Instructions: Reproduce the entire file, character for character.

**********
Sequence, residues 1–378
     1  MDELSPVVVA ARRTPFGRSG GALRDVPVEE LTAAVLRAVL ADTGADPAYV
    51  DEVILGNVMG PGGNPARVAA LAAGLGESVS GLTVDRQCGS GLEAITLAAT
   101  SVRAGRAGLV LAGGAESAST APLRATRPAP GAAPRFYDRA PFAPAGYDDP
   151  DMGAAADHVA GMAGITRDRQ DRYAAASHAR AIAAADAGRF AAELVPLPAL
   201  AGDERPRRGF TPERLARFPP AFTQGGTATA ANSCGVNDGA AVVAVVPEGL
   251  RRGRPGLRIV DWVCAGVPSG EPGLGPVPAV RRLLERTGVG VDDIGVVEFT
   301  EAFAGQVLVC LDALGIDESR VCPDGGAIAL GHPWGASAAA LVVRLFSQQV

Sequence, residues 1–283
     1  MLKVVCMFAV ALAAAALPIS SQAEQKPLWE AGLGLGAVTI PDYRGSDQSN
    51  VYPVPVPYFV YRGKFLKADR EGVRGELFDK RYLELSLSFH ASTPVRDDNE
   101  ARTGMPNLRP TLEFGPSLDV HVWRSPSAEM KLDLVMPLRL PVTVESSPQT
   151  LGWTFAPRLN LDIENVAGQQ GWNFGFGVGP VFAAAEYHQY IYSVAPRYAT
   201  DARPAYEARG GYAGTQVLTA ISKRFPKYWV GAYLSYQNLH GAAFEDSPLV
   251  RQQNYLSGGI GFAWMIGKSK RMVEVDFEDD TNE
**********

Sequence, residues 1–378
     1  MDELSPVVVA ARRTPFGRSG GALRDVPVEE LTAAVLRAVL ADTGADPAYV
    51  DEVILGNVMG PGGNPARVAA LAAGLGESVS GLTVDRQCGS GLEAITLAAT
   101  SVRAGRAGLV LAGGAESAST APLRATRPAP GAAPRFYDRA PFAPAGYDDP
   151  DMGAAADHVA GMAGITRDRQ DRYAAASHAR AIAAADAGRF AAELVPLPAL
   201  AGDERPRRGF TPERLARFPP AFTQGGTATA ANSCGVNDGA AVVAVVPEGL
   251  RRGRPGLRIV DWVCAGVPSG EPGLGPVPAV RRLLERTGVG VDDIGVVEFT
   301  EAFAGQVLVC LDALGIDESR VCPDGGAIAL GHPWGASAAA LVVRLFSQQV

Sequence, residues 1–283
     1  MLKVVCMFAV ALAAAALPIS SQAEQKPLWE AGLGLGAVTI PDYRGSDQSN
    51  VYPVPVPYFV YRGKFLKADR EGVRGELFDK RYLELSLSFH ASTPVRDDNE
   101  ARTGMPNLRP TLEFGPSLDV HVWRSPSAEM KLDLVMPLRL PVTVESSPQT
   151  LGWTFAPRLN LDIENVAGQQ GWNFGFGVGP VFAAAEYHQY IYSVAPRYAT
   201  DARPAYEARG GYAGTQVLTA ISKRFPKYWV GAYLSYQNLH GAAFEDSPLV
   251  RQQNYLSGGI GFAWMIGKSK RMVEVDFEDD TNE